The May 7 fatal collision involving a Tesla Model S sedan while apparently in semiautonomous Autopilot mode complicates the auto industry's path to fully self-driving vehicles.
While a single death may not substantially influence public acceptance of autonomous vehicle technology, nobody wants to risk a potential consumer backlash to a budding major technology.
One attraction of vehicles that could navigate roads without human intervention is increased safety. Most traffic deaths are caused by human error, so taking people out of the equation should greatly reduce collisions, injuries and deaths, the logic goes.
The dilemma is the multiple routes to fully autonomous vehicles. Most manufacturers are taking conventional paths, gradually adding extensively tested driver-assistance features piecemeal, building toward full autonomy sometime next decade. Others, such as Tesla Motor, push to get advanced and integrated safety features on the road sooner and use feedback from customers to fine-tune systems.
While automakers seek the right pace -- neither needlessly delaying life-saving technology nor prematurely introducing buggy systems -- some basics must occur.
The National Highway Traffic Safety Administration is preparing new guidelines for safe deployment of autonomous vehicles. That should receive priority.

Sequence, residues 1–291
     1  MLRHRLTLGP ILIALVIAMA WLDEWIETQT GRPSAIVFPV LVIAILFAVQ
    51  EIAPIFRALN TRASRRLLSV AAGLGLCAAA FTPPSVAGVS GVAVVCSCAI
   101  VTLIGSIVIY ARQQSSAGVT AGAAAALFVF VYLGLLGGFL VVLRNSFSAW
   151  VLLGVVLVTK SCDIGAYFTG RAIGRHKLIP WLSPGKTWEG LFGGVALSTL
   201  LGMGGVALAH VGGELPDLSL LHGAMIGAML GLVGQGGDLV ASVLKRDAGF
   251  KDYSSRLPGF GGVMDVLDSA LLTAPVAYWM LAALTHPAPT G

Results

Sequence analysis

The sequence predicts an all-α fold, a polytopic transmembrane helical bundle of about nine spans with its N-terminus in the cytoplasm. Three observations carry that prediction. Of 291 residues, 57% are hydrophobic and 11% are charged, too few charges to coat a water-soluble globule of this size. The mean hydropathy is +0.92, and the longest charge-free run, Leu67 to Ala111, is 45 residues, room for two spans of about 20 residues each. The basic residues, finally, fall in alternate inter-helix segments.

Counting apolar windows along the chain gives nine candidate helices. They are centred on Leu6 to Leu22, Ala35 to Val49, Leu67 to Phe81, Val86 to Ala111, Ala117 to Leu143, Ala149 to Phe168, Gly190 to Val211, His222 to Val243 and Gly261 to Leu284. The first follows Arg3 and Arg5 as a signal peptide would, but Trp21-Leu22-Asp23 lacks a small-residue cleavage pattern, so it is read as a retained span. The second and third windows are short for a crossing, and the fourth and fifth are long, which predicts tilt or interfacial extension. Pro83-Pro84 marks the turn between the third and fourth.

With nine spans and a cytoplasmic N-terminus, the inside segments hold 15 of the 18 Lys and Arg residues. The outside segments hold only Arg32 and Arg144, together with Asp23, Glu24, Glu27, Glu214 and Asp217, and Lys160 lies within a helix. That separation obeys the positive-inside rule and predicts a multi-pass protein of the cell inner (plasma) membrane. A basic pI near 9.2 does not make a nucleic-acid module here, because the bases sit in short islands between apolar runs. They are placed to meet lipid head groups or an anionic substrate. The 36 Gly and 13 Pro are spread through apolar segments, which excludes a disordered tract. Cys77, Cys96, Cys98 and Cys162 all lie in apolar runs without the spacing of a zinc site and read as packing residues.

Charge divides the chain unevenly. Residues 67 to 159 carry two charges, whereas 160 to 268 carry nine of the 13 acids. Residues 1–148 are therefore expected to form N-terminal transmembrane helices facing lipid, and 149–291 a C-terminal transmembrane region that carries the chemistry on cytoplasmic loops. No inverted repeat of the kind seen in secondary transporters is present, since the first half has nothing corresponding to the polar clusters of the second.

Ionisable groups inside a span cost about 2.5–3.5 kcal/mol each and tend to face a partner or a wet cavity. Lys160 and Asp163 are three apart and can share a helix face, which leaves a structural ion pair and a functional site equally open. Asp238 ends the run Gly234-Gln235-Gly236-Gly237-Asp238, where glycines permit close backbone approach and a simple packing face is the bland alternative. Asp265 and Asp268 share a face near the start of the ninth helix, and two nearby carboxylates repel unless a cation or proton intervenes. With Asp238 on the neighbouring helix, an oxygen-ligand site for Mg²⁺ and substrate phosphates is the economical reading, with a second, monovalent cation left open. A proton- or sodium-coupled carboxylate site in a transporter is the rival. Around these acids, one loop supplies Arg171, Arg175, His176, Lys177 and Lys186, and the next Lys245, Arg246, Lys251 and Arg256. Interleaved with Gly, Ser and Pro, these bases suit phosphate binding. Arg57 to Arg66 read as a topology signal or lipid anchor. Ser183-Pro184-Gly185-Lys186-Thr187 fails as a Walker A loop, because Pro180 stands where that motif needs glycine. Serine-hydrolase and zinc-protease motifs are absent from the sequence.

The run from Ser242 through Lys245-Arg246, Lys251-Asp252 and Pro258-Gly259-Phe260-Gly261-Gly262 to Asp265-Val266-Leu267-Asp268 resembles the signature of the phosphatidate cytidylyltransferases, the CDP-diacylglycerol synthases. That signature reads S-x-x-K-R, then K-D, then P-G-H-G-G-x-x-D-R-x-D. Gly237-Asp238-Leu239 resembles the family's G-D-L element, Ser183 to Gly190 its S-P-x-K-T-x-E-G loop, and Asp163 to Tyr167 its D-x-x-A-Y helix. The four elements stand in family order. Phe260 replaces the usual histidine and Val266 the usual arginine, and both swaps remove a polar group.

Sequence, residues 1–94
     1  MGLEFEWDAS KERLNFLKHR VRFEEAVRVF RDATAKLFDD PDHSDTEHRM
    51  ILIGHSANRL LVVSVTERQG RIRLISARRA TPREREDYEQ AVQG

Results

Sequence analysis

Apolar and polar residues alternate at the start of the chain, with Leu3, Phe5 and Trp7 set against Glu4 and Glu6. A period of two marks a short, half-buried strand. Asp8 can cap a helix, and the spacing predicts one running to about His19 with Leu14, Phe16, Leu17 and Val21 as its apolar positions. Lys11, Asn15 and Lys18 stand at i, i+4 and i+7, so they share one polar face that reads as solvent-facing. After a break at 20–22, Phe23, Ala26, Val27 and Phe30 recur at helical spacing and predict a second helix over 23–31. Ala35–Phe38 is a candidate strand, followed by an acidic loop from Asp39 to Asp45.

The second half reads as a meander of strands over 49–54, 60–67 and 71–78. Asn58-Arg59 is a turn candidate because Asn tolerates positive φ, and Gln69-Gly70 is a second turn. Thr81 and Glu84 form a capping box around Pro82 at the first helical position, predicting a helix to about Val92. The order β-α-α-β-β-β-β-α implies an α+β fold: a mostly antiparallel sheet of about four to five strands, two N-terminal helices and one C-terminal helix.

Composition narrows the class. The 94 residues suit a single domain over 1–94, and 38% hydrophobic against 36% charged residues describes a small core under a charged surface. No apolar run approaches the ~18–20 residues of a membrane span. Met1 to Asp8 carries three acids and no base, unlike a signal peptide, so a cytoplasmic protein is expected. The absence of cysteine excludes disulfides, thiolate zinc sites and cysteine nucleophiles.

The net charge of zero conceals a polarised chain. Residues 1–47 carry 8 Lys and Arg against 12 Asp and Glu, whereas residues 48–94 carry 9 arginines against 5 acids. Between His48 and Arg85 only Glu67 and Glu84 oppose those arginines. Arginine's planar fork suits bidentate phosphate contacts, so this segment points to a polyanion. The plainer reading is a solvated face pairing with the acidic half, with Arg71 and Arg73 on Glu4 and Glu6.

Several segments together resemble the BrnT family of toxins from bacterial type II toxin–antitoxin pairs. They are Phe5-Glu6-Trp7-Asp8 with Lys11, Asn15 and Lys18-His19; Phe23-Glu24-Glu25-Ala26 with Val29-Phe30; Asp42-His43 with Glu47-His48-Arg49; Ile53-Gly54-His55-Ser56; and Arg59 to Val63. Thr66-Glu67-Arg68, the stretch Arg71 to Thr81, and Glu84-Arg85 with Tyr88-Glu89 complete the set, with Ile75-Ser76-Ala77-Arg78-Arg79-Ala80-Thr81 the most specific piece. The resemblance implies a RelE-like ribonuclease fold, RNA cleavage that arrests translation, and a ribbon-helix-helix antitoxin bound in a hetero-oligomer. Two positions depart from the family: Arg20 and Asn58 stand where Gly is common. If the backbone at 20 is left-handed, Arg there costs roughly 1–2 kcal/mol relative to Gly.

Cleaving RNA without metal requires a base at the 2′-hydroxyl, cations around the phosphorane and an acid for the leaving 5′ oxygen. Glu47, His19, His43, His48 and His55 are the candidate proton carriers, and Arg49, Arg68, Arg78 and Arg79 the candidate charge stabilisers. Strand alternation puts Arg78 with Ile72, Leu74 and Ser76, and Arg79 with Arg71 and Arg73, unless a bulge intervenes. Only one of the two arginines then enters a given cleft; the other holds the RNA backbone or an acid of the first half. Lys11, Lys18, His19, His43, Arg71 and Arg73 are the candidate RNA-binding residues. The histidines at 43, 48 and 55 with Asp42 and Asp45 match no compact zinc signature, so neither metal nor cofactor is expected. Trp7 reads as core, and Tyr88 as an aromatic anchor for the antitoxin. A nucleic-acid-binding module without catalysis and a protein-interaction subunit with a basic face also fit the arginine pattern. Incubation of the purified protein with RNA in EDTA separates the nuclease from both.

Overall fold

Manufacturers should step up off-road testing of advanced safety technologies. When those features are ready for on-road testing, carmakers should require drivers to actively monitor any driver-assist and fully autonomous systems.
As new safety features are introduced on production vehicles, manufacturers should redouble efforts to educate owners about system limitations.
Finally, there should be no beta testing on public roads.
However enthused about a vehicle's self-driving capabilities, owners must not test the limits putting the safety of others at risk. If the Tesla crash had involved anything other than an unoccupied trailer, the reaction would be far different. What if it had been a van carrying a family?
There's no room for buyers to conduct freelance product validation on public roads.